It's impossible not to compare this reboot to the masterful trilogy featuring Matt Damon. After all, we are told that his character is alive and well in the opening scenes, still adeptly foiling his detractors. But that is merely a hook to engage us – Damon doesn't appear.
This follow-up concerns his fellow operatives, able hitmen being murdered and the whole Treadstone programme going bust. But rogue agent Aaron Cross (Renner) is still out there. He has avoided their attempts to off him while out in the wilderness and needs to know why he's marked for death. Norton is the shadowy head of the agency out to eliminate all evidence and his underlings are unable to better him, even when Cross has frantic scientist Marta (Weisz) in tow. She is the lab lady responsible for the drugs he has to imbibe to keep him as a killing machine. When her whole department is shot dead by her assistant she has no idea what is going on. Cross tracks her down 'cos he needs his meds. They have to go to Manila so he can have a virus taken out of him all the while being chased by high level hit men who need them both silenced.
Cue percussive music as they get new identities, their tails being tracked by satellite by Norton and his cronies, including a very aged Keach. It's the formula we know and love about the Bourne movies, only here under Gilroy's direction it's half baked. The plotting doesn't grab you as it should. The narrative lacks the propulsive kick of the earlier movies. There's no real tension or excitement despite a craftily edited action sequence at the climax with the two leads being chased on their motorbike by a crazed killer on the bustling ManIla streets.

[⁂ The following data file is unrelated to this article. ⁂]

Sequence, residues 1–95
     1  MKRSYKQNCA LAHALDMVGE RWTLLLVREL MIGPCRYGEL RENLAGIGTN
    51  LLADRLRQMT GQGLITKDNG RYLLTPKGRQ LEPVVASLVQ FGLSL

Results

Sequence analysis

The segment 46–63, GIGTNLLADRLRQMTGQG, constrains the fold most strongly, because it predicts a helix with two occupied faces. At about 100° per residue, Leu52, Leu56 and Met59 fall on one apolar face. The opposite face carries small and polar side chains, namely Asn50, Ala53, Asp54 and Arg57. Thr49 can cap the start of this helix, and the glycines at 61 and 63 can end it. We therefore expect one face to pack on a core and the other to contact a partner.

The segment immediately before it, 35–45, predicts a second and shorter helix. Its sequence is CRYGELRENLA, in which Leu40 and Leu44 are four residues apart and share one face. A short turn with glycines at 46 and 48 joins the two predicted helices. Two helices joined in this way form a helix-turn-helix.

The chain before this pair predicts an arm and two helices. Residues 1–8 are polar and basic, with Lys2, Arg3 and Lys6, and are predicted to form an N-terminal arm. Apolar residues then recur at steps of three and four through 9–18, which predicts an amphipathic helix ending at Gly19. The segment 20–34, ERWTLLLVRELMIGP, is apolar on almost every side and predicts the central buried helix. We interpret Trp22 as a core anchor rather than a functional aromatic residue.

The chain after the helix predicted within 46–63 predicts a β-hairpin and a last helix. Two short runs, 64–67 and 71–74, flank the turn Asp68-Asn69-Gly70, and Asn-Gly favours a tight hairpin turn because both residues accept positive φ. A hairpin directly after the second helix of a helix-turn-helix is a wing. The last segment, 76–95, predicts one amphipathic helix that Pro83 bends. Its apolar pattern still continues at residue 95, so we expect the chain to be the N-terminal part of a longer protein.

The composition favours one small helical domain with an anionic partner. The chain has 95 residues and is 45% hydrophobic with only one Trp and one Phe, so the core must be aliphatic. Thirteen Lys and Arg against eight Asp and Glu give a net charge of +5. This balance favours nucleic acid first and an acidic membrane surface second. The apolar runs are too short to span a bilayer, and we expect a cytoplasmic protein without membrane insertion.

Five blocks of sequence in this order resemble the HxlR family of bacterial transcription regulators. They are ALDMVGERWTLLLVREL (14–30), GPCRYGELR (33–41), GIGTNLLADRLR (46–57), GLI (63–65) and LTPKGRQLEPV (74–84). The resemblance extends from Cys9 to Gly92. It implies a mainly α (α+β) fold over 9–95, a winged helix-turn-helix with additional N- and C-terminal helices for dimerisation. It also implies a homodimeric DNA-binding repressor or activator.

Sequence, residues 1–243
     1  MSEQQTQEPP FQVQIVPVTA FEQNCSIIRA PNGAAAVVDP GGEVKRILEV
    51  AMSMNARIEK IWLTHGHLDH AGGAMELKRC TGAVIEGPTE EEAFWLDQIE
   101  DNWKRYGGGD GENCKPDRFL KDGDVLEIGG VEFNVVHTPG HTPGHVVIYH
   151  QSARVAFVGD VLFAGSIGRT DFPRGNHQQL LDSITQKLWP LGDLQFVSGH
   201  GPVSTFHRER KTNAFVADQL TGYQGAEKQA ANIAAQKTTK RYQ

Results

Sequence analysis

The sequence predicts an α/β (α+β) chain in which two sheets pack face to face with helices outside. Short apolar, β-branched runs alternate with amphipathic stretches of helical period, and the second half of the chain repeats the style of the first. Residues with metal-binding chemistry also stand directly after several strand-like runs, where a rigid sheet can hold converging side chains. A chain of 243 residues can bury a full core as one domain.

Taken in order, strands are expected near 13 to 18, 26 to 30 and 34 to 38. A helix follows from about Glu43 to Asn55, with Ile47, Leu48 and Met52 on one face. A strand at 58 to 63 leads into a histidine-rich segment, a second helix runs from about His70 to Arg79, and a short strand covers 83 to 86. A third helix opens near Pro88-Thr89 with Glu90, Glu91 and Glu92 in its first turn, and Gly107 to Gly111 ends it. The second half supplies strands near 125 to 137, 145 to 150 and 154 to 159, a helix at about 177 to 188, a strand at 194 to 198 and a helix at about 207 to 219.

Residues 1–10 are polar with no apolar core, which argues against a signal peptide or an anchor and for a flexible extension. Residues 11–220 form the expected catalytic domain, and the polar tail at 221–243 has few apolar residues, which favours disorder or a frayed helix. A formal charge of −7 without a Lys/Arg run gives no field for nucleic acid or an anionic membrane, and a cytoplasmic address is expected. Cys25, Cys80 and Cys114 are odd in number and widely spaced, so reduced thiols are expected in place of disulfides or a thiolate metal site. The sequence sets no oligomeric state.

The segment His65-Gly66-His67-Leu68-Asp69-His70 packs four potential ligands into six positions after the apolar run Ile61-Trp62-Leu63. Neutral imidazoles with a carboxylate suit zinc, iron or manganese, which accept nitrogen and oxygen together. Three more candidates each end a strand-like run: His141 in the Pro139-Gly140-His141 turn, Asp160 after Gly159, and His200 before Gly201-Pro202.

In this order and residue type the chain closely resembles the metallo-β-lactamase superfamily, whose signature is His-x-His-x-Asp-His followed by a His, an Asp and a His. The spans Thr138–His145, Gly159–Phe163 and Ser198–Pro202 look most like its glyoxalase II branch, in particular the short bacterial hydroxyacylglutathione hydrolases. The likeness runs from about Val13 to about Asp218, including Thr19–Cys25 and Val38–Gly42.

Renner does't have the face of a lead hero but is very commanding nonetheless – he's a convincing everyman making the best of what he's got, solid and dependable. He's outclassed though by Weisz, whose way too good for this kind of popcorn filler. The scene where she is interrogated by a clinical psychologist over what she knows is the best of the whole movie – her emotional reactions to the severe questioning powerfully rendered and very affecting. It's a first class performance in a second rate film. Legacy lacks the kinetic charge of the Damon trilogy. It's a workmanlike effort to be sure, slick and well made but devoid of the thrills of its predecessors. An OK extension to the franchise then but one that doesn't instil any enthusiasm for further offerings. Moderate.